A hyperbaric diving bell used by deep sea divers carrying out work on the ocean floor has been installed at Royal Derby Hospital, as researchers investigate how to carry out more effective CPR in confined spaces.
The study team is led by Dr Graham Johnson, Emergency Medicine Consultant at UHDB, in collaboration with International SOS. They are analysing the current methods of resuscitation which are used in small spaces, especially inside diving bells, to find ways to make these more effective.These methods are being tested on a manikin in full diving gear inside the bell.
Diving bells are sealed, highly pressured vessels used to lower divers to extreme depths in places like the North Sea to allow them to perform work underwater.
Dr Johnson said: “This diving bell is a metal container just big enough for three people to sit inside. Divers can often spend up to eight hours inside these bells carrying out works under the sea.
“My father used to be a deep-sea diver, so this is a piece of work that’s quite close to home really.”
The average age of deep sea divers is on the rise, and with this comes increased risk of suffering a cardiac arrest, which is one of the reasons the team were prompted to begin this research.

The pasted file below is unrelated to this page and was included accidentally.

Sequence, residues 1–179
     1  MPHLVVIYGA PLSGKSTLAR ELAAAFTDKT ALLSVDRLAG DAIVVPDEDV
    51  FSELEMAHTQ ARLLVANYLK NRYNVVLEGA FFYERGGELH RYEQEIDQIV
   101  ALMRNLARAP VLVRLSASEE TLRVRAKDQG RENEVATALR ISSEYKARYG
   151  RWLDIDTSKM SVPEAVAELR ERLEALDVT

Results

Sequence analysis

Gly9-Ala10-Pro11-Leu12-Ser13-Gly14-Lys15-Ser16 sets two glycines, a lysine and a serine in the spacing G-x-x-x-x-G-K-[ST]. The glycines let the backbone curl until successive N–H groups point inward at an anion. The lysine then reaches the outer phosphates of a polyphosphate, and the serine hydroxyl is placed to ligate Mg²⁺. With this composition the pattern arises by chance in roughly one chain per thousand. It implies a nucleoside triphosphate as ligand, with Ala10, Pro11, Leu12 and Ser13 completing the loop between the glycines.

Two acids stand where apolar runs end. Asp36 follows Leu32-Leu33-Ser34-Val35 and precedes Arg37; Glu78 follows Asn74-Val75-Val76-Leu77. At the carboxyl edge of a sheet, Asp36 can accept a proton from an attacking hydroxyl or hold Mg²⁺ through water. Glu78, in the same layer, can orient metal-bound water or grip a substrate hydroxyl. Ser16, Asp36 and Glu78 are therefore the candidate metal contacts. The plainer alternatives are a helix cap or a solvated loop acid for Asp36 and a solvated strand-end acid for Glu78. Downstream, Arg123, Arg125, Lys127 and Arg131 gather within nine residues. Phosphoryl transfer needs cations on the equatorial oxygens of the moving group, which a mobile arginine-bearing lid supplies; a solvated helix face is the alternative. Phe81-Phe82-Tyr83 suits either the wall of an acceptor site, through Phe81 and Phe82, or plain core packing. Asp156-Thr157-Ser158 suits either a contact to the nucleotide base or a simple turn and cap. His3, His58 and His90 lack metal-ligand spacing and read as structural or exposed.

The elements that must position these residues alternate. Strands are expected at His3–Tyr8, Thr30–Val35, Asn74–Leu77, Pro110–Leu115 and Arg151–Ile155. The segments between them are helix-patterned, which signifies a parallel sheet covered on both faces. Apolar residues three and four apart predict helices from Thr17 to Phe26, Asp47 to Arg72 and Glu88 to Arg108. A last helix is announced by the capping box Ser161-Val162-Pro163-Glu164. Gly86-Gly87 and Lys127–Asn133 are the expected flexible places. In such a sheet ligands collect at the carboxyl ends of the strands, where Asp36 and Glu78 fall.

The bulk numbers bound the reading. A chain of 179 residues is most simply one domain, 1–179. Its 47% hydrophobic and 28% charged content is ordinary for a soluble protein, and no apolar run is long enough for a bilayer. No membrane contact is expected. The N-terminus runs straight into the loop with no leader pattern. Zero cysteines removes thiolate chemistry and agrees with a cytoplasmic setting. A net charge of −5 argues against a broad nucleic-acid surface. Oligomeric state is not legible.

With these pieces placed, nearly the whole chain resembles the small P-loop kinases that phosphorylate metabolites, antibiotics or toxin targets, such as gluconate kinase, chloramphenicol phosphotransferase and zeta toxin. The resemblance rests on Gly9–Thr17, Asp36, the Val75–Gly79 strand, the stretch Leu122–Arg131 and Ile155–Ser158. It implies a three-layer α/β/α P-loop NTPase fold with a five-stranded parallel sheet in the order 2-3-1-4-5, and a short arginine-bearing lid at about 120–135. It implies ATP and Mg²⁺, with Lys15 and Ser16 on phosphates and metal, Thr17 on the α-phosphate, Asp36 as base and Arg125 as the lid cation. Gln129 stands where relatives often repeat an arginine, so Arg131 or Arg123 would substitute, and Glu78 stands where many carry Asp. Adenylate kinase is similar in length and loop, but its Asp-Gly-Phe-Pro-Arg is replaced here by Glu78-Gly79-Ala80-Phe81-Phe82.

Space inside the bell is also very limited due to its small size and the amount of equipment divers need to take to the ocean floor with them. This makes conducting CPR a difficult task, but it’s something this study aims to improve.
Dr Johnson explained: “There is an increasing prevalence of cardiac arrest in the diving community, which has an increasing average age, so we’re going to be looking into more effective ways for CPR to be delivered in this small space.
“Should a diver experience cardiac arrest while the bell is at the bottom of the ocean, it can take up to 45 minutes for the bell to be hoisted back to the surface, so developing these improved guidelines is really important.”
The team have so far tested a variety of methods, including the currently recommended methods of administering chest compressions with the knee and head, as well as testing a new piece of equipment which uses compressed gas to administer chest compressions – and the early results have been positive.
“A company called NUI based in Norway developed a machine which delivers chest compressions using compressed gas, saving valuable space inside the bell, but is also proving to be far more effective than delivering compressions manually as you would in any normal circumstance. We’re hopeful that this can lead to some real improvements.
“I’d like to thank all of the companies who have kindly offered their support to this project, including Go Dive in Derby. Your help is much appreciated.”
The bell will remain in place next to Ward 102 at Royal Derby Hospital for the foreseeable future after being hoisted into place by local firm Langley Mechanical Services.